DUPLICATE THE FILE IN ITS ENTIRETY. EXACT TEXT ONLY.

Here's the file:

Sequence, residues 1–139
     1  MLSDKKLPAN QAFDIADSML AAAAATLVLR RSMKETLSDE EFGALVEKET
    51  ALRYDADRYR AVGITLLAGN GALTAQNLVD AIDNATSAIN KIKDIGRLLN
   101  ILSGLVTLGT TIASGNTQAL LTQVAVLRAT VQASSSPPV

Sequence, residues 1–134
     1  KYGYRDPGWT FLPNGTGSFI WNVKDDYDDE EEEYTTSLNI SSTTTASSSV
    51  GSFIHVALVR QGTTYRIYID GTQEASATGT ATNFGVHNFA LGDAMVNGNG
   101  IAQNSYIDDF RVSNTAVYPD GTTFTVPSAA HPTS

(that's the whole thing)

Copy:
Sequence, residues 1–139
     1  MLSDKKLPAN QAFDIADSML AAAAATLVLR RSMKETLSDE EFGALVEKET
    51  ALRYDADRYR AVGITLLAGN GALTAQNLVD AIDNATSAIN KIKDIGRLLN
   101  ILSGLVTLGT TIASGNTQAL LTQVAVLRAT VQASSSPPV

Sequence, residues 1–134
     1  KYGYRDPGWT FLPNGTGSFI WNVKDDYDDE EEEYTTSLNI SSTTTASSSV
    51  GSFIHVALVR QGTTYRIYID GTQEASATGT ATNFGVHNFA LGDAMVNGNG
   101  IAQNSYIDDF RVSNTAVYPD GTTFTVPSAA HPTS